746E.5/8–951: Telegram

The Ambassador in Ceylon (Satterthwaite) to the Secretary of State

top secret

91. My 533 May 121 reported suggestion of Home Min Sir Oliver Goonetilleke that US and Ceylon negot a defense agrmt.

My 551, May 161 reported that while not confirming Sir Oliver’s suggestion PriMin expressed alarm at inability Brit to strengthen forces at their naval and air bases there. It also expressed my view that PriMin wld welcome US assistance and might be willing make important concessions to obtain it.

My desp 935, May 181 reported conversation between Home Min and Asst Naval Attaché2 in which former expressed hope US and Ceylon cld agree to mutual defense program.

In course second conversation between these two on July 27 Sir Oliver said he wld like see US establish in Ceylon one or two bomber squadrons with supporting fighter craft and a small fleet of fast coastal patrol craft, possibly submarines together with island-wide radar coverage. ANA inquired whether he was speaking on behalf GOC. Sir Oliver replied that subj had been discussed in high govt circles. In reply to ANA’s question as to extent Ceylon wld go in granting concessions shld this proposal materialize Home Min indicated Ceylon wld entertain any reasonable request and that cost such program wld not be prohibitive for US since GOC wld assist in setting up air strips, coastal bases, bldgs etc., and furnish minor personnel for ground, yard and maintenance crews etc. Home Min also expressed belief Brit wld cooperate and that there wld be no trouble with India over program.

In view previous policy GOC and PriMin’s failure confirm Sir Oliver’s suggestion we were naturally skeptical re latter’s new suggestion. Aug 2 press however, reported PriMin as stating in house in reply to question from Commie MP whether other govts were consulted [Page 2038] in fixing size Ceylon’s Army that it was quite possible Ceylon might come to some terms with another country Ceylon’s defense.

I therefore reviewed above developments yesterday with Vaithianathan permanent see MEA. I said Sir Oliver’s latest suggestion and PriMin’s statement in House suggested important possibilities. My govt might indeed be interested. In view however, previous policy GOC as described by him to me and position he had taken on our request for a naval communications unit I hesitated report Sir Oliver’s latest suggestion to my govt unless there was reason believe it really had been considered by high govt circles and that Sir Oliver was not speaking for himself alone.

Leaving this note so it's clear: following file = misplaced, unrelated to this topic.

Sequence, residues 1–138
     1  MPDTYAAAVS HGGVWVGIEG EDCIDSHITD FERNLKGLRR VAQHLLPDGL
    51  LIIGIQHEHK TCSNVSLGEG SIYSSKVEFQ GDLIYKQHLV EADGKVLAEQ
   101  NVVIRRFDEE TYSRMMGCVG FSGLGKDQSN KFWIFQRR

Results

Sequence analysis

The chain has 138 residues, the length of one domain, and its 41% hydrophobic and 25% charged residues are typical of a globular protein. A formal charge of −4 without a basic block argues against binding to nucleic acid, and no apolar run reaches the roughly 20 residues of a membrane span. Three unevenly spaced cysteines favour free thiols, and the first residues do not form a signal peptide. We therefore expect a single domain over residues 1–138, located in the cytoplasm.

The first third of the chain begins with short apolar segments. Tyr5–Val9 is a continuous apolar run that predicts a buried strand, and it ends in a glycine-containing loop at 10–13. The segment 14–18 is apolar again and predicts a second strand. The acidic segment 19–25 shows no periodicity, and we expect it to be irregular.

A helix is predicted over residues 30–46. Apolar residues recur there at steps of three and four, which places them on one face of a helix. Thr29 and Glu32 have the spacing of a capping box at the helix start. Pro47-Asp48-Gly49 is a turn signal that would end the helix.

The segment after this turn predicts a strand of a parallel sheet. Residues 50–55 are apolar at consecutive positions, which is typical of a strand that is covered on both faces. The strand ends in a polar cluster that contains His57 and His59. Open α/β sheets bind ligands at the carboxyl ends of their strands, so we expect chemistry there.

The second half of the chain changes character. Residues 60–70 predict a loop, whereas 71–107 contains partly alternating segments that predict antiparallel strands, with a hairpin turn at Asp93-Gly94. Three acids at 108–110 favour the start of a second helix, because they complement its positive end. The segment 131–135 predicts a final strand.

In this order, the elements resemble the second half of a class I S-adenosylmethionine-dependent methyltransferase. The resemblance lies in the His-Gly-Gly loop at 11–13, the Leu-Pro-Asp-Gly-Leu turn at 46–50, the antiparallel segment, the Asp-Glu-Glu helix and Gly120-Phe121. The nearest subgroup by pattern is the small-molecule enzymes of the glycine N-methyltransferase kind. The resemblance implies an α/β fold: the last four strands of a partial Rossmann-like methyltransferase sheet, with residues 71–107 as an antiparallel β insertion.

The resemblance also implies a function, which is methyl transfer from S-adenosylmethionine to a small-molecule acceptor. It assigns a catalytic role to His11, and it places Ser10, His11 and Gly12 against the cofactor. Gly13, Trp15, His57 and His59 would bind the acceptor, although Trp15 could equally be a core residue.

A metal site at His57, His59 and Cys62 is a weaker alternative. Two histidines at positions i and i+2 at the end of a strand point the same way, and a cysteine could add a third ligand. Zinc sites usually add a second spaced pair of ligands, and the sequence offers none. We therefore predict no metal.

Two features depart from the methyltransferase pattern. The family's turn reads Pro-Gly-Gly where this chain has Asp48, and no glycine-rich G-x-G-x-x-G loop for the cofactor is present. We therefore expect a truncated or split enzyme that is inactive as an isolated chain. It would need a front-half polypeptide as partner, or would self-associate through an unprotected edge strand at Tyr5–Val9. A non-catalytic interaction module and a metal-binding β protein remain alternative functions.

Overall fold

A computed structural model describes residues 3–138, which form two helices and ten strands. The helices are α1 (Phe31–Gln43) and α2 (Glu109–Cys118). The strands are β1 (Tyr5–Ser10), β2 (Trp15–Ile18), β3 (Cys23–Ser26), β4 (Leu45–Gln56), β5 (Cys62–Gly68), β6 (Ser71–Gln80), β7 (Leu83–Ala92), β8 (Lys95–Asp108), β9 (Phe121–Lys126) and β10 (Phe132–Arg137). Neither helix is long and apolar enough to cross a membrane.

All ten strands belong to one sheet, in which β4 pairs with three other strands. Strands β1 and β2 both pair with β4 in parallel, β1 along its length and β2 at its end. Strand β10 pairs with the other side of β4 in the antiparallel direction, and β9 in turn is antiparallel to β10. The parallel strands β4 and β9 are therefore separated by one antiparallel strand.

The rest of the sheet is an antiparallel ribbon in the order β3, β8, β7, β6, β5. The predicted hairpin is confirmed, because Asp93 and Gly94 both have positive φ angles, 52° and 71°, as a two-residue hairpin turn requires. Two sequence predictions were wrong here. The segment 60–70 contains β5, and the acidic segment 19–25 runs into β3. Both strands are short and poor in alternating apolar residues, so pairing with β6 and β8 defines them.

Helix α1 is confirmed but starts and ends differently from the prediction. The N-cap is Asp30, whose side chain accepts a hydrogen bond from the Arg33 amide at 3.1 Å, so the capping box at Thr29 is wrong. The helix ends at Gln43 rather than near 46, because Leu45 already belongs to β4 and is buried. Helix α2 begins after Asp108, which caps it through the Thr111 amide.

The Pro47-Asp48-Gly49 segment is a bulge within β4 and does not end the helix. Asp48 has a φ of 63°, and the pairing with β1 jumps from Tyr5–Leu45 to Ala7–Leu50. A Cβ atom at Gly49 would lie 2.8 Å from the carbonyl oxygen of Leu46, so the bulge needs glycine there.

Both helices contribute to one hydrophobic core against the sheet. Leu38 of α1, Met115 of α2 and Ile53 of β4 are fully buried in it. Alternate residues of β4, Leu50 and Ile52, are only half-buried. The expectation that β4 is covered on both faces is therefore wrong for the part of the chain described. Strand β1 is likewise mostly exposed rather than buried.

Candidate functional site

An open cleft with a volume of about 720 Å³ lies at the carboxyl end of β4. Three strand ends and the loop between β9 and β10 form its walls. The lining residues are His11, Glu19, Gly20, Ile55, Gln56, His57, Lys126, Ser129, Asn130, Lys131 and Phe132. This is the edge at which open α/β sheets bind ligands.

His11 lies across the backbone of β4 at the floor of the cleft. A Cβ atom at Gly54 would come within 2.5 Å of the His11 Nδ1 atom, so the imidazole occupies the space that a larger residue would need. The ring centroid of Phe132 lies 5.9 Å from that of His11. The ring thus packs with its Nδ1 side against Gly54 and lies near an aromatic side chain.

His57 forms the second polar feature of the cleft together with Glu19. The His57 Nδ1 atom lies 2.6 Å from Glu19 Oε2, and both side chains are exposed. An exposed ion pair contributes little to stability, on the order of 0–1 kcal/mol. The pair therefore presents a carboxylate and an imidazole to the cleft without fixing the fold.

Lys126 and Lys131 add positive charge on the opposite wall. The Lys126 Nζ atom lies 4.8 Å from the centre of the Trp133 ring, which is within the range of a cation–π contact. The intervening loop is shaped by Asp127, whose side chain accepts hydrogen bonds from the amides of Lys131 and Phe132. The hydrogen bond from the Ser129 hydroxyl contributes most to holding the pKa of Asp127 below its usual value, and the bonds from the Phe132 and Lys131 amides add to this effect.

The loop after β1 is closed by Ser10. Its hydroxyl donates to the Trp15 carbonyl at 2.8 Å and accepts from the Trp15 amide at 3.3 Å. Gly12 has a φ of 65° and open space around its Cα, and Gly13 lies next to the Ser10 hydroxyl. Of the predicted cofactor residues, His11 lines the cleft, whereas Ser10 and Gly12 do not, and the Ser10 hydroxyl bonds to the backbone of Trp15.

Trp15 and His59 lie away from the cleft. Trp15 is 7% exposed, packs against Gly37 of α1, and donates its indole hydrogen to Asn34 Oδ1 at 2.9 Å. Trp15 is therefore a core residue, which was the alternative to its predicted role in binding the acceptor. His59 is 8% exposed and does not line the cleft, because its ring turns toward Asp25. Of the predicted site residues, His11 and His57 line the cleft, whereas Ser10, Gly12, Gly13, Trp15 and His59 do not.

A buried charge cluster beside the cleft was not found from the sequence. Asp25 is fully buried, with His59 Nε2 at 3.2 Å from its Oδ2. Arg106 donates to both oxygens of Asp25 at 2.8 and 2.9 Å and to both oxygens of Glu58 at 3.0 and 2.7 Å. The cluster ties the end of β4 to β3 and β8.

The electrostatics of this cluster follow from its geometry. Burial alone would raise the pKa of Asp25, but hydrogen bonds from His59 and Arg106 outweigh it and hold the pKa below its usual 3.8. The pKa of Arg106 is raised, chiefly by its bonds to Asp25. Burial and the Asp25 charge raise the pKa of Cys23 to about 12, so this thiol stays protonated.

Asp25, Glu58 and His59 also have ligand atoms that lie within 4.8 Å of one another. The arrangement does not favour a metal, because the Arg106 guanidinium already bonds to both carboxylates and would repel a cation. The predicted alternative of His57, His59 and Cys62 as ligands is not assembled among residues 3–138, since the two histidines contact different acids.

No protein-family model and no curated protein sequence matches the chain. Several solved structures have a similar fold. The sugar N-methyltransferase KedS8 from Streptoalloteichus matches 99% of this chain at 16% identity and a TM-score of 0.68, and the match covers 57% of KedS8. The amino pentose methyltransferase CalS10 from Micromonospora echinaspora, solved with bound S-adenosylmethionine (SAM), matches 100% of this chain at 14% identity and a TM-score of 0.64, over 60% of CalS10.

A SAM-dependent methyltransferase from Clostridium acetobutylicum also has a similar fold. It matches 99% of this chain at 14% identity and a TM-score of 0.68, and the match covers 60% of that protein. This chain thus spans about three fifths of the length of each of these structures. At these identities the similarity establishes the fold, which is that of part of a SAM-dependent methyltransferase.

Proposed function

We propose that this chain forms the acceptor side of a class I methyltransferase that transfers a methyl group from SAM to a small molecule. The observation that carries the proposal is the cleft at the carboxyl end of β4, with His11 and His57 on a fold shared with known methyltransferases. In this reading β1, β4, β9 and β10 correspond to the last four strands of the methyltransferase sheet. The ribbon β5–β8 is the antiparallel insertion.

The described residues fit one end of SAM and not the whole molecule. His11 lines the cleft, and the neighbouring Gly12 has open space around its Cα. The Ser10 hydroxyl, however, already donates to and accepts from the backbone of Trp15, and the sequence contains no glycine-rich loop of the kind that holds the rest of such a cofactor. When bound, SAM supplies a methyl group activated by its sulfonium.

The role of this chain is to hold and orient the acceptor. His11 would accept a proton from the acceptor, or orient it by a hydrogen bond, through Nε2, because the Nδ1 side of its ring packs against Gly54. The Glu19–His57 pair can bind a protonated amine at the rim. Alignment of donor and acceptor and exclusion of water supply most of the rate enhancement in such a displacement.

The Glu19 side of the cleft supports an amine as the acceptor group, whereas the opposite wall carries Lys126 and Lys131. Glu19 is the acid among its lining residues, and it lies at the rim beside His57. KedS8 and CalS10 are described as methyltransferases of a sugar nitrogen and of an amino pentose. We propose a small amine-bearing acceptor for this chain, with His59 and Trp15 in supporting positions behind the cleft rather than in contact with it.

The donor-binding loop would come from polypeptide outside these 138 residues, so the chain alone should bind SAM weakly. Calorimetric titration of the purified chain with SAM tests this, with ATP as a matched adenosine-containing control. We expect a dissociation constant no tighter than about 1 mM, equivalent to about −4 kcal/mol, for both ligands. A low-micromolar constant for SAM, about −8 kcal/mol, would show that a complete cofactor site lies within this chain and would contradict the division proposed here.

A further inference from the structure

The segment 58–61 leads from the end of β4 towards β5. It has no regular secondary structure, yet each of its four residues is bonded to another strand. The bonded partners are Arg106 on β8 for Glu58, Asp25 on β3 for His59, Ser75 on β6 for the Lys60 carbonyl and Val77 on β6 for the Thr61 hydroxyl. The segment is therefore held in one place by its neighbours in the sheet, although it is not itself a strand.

While somewhat cautious in his reply Vaithianathan indicated that this proposal had indeed been discussed in highest govt circles. PriMin has recently, he said, taken much less cautious position than previously on question external def and now seemed prepared face all repercussions. Any assistance US cld give he believed wld be welcome. It wld however, have be given in cooperation with UK. He wished make this latter point very clear. On receiving this assurance I said I wld sound out my govt.

I am sure Dept will agree that Ceylon is of such great strategic importance to defense non-Commie Asia that we shld give this latest suggestion careful consideration. Motive behind it may of course be mainly desire obtain mil and econ assistance without cost to Ceylon. Suggest may even have originated in Sir Oliver’s fertile brain as means taking pressure off GOC on Kem amendment. Nevertheless, we must in my opinion support govt which has recently lost voting strength no matter how unwise its actions may be on such matters as rubber exports to China and Kem amendment in view fact only alternative to present friendly govt is one of Marxist complexion.

Certainly Ceylon’s facilities wld be of greatest importance to UK and US in case world conflict and it is therefore also desirable retain present friendly feelings of majority Ceylonese people toward Western World. Therefore I trust Dept will take this tentative mil offer into consideration in connection with Kem amendment and find if possible some means avoiding punitive action until latest possible moment as urged in my 85, Aug. 8.3

Proposal also opens up possibility obtaining extensive communications facilities desired by USAF (Deptel 312, March 20).3

I will amplify by despatch but in meantime urge that interested Depts give serious consideration to suggestion we station air and naval forces in Ceylon in cooperation with Brit. Dept’s lack response to my [Page 2039] 533 and 551 may indicate US Govt uninterested. For this reason I feel it important have Dept’s views before taking up question with PriMin.

Please instruct.

Repeated info London 24.

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  4. Lt. Comdr. M. J. Williams, U.S.N.
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